Cover image for W. E. B. Du Bois on sociology and the Black community
W. E. B. Du Bois on sociology and the Black community
Du Bois, W. E. B. (William Edward Burghardt), 1868-1963.
Publication Information:
Chicago : University of Chicago Press, 1978.
Physical Description:
viii, 320 pages ; 21 cm.
General Note:
Includes index.
Format :


Call Number
Material Type
Home Location
Item Holds
E185.86 .D845 Adult Non-Fiction Central Closed Stacks
E185.86 .D845 Adult Non-Fiction Central Closed Stacks-Non circulating
E185.86 .D845 Adult Non-Fiction Black History Non-Circ
E185.86 .D845 Adult Non-Fiction Open Shelf
E185.86 .D845 Adult Non-Fiction Black History Non-Circ

On Order


Author Notes

Civil rights leader and author, William Edward Burghardt Du Bois was born in Great Barrington, Massachusetts on February 23, 1868. He earned a B.A. from both Harvard and Fisk universities, an M.A. and Ph.D. from Harvard, and studied at the University of Berlin. He taught briefly at Wilberforce University before he came professor of history and economics at Atlanta University in Ohio (1896-1910). There, he wrote The Souls of Black Folk (1903), in which he pointed out that it was up to whites and blacks jointly to solve the problems created by the denial of civil rights to blacks. In 1905, Du Bois became a major figure in the Niagara Movement, a crusading effort to end discrimination. The organization collapsed, but it prepared the way for the founding of the National Association for the Advancement of Colored People (NAACP), in which Du Bois played a major role. In 1910, he became editor of the NAACP magazine, a position he held for more than 20 years.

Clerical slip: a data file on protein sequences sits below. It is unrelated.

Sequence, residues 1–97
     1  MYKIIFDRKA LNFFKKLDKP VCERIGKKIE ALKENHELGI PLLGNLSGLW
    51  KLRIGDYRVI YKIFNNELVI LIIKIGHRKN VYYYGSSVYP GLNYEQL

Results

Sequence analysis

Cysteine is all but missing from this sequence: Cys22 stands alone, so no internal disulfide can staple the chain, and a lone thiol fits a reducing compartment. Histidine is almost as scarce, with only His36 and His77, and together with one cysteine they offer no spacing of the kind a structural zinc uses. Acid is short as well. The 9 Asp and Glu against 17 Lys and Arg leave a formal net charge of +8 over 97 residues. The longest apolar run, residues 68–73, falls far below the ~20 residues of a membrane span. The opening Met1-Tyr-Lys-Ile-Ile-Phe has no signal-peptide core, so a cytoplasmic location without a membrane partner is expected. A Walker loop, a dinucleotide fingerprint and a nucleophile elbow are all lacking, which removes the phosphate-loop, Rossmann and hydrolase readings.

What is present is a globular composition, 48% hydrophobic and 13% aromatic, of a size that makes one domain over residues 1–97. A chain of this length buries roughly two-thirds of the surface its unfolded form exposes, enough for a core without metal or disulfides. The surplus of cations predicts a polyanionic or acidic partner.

Du Bois returned to Atlanta University in 1932 and tried to implement a plan to make the Negro Land Grant Colleges centers of black power. Atlanta approved of his idea, but later retracted its support. When Du Bois tried to return to NAACP, it rejected him too.

Active in several Pan-African Congresses, Du Bois came to know Fwame Nkrumah, the first president of Ghana, and Jono Kenyatta the president of Kenya. In 1961, the same year Du Bois joined the Communist party, Nkrumah invited him to Ghana as a director of an Encyclopedia Africana project. He died there on August 27, 1963, after becoming a citizen of that country.

(Bowker Author Biography)

Table of Contents

Preface and Acknowledgments
IntroductionDan S. Green and Edwin D. Driver.
I The Tasks of Sociology
1 The Atlanta Conferences
2 The Laboratory in Sociology at Atlanta University
3 The Twelfth Census and the Negro Problems
4 The Study of the Negro Problems
5 The Negro Race in the United States of America
II Community Studies
6 The Philadelphia Negro
7 The Black North in 1901: New York
8 The Negroes of Dougherty County, Georgia
9 The Negroes of Farmville, Virginia
III Black Culture and Creativity
10 The Negro American Family
11 The Religion of the American Negro
12 The Problem of Amusement
13 The Conservation of Races
IV Changing Patterns of Racial Relations
14 The Relations of the Negroes to the Whites in the South
15 The Social Evolution of the Black South
16 The Problem of the Twentieth Century Is the Problem of the Color Line
17 Prospect of a World without Race Conflict
Selected Bibliography of W. E. B. Du Bois